By News Staff Reporters
MOUNT VERNON — Disaster struck the Knox County Humane Society recently in the form of an airborne upper respiratory infection that affected cats at the cat shelter. Approximately 24 infected cats were later euthanized.
“The Knox County Humane Society had a highly infectious upper respiratory virus that affected all of our cats. This type of virus transmits through the air and, though not impossible to control with one or two cats, with our volume, unfortunately, this was virtually impossible,” Humane Society Director Anna Hess told the News on Monday.
“These types of issues happen occasionally where there are many involved. Under the circumstances, after exploring several other options, we felt that we had no choice but to put the cats to sleep. ... I hope the public will understand that euthanizing the cats was not something that any of the board members or staff wished to do. We simply felt that we had no choice.”
Dr. Amanda Rogers, veterinarian at Complete Care Animal Hospital on Harcourt Road told the News she was contacted by the humane society on Nov. 23, regarding euthanizing the cats. The process, Rogers said, involves an anesthesia which puts the cats to sleep before an injection of Fatal Plus follows. “It’s completely painless and in accordance with the guidelines of the American Veterinary Medical Association,” said Rogers.
She recommended that the shelter then be closed for at least a week to rid the shelter of any remaining virus.
“[The virus] will generally run its course, and then most of the cats recover. But the problem is, without [euthanizing], they would have had to close the shelter for a month and would have been unable to do any spay/neuter programs, and adopt anything out/in and just let everything run its course through there,” said Rogers. “I think the decision was made that the greater good would be to continue to spay/neuter programs and the low-cost stuff that they do for the public.”
Dr. Greg Price of Town and Country Veterinary Clinic said that three deceased cats were brought to him as early as Nov. 13, showing signs of an upper respiratory infection which were then taken to an Ohio Department of Agriculture diagnostic laboratory for testing. Results showed that a Bordetella Bronchiseptica virus was present, although Price was unsure if this was the primary pathogen which was causing the illness.
“They want to adopt out healthy cats, and there was something obviously going through. Whatever the organism is, it appears to be resistant to antibiotics,” said Price. “It was more than just a casual approach. It was a pretty structured organized approach to figure out what the organism was and how to treat these animals before the decision was made to depopulate.”
Rogers and Price both believe that a few cats may have been adopted out which were carrying the virus. Price believes that cats can survive with the virus, believing that it is not necessarily fatal.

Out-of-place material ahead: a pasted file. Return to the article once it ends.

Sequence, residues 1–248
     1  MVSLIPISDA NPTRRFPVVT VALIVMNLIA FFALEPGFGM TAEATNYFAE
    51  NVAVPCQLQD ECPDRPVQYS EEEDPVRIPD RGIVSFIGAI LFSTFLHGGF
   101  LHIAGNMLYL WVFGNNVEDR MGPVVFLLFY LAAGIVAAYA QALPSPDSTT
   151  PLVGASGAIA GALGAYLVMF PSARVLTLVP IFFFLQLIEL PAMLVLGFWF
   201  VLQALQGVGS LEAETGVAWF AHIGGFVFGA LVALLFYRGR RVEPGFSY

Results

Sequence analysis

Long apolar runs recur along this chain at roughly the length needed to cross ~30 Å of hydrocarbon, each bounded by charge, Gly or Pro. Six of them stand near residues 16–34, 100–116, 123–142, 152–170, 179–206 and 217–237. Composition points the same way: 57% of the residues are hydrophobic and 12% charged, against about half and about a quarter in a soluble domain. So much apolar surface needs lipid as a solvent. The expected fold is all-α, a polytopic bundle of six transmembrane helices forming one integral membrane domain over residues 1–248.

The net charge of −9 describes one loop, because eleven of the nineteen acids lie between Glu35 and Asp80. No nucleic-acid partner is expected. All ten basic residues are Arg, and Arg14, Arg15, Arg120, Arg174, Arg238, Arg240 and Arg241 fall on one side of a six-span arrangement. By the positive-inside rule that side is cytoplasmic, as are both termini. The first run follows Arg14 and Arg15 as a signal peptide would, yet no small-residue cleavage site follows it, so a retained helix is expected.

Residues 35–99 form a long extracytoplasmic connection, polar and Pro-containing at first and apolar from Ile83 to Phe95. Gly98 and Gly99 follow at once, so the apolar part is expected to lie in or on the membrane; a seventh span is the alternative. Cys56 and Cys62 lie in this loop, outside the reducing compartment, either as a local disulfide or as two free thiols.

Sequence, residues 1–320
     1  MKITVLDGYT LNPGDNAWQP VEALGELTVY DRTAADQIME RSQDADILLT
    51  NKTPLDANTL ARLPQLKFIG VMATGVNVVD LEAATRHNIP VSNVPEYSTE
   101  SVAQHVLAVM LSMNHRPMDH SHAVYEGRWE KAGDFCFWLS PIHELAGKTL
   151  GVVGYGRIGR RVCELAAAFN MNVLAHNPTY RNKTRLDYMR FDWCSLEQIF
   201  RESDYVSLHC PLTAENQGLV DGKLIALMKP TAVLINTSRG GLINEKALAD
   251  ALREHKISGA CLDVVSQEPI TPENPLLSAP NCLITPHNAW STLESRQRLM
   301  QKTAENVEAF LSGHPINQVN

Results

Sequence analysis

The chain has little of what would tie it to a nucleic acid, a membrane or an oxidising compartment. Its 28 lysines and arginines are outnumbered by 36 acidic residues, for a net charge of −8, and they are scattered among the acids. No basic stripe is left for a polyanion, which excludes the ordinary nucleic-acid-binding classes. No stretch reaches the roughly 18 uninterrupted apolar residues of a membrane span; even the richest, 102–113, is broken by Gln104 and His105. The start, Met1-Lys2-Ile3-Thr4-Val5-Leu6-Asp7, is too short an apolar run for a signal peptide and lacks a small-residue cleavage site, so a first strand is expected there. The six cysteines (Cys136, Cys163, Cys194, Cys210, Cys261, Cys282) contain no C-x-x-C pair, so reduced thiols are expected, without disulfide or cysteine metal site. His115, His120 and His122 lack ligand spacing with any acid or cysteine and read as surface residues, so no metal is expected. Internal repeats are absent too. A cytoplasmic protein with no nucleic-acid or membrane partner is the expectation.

“They (cat shelter) have the responsibility to take in unwanted cats and deal with them, and also to adopt out healthy cats. I think they went above and beyond to try and do it the right way,” said Price. “I think they did everything they could in an attempt to get it figured out and to do the right thing and have the courage to make some tough choices. It was a ‘no-win’ situation. But it was probably the only way to break that cycle.”
Carole Rennie Jarvis, humane society board chairperson, said that in mid-November a number of kittens arrived at the shelter with runny noses. They were spayed and neutered and quarantined in the basement when they first arrived.
“We thought it was just the room,” she said, “but then the older cats started getting sick. One of our vets recommended cleaning the air ducts and they were full of cat hair. The next step was to have the furnace guy come and he showed us how to clean and replace the filter.”
“Unfortunately,” she said, “there was a lot of stuff we learned in hindsight. The furnace was circulating the virus through the shelter.”
Approximately two dozen cats had to be euthanized because, Jarvis said, “It was cruel to let them suffer.” But treatment was very expensive and the shelter budget couldn’t support treating that many cats.
“Every one of us took a cat home to take care of them to keep them from getting sick. We disassembled all of the cages and disinfected them and we’ve spaced them farther apart.”
She added, “It was a very painful process. It was making a small mistake that magnified and we’re going to be smarter and if anyone can learn from us then we want them to know. We love the cats and we’re very emotional about it.”
The shelter is able to take new cats again, and part of the learning process resulted in a new intake procedure. Now incoming cats will be treated with a nasal vaccine that is a preventative for the virus.
In 2011, approximately 680 cats were adopted from the shelter.
News staff reporters Chuck Martin, Alan Reed and Rhonda Bletner contributed to this story.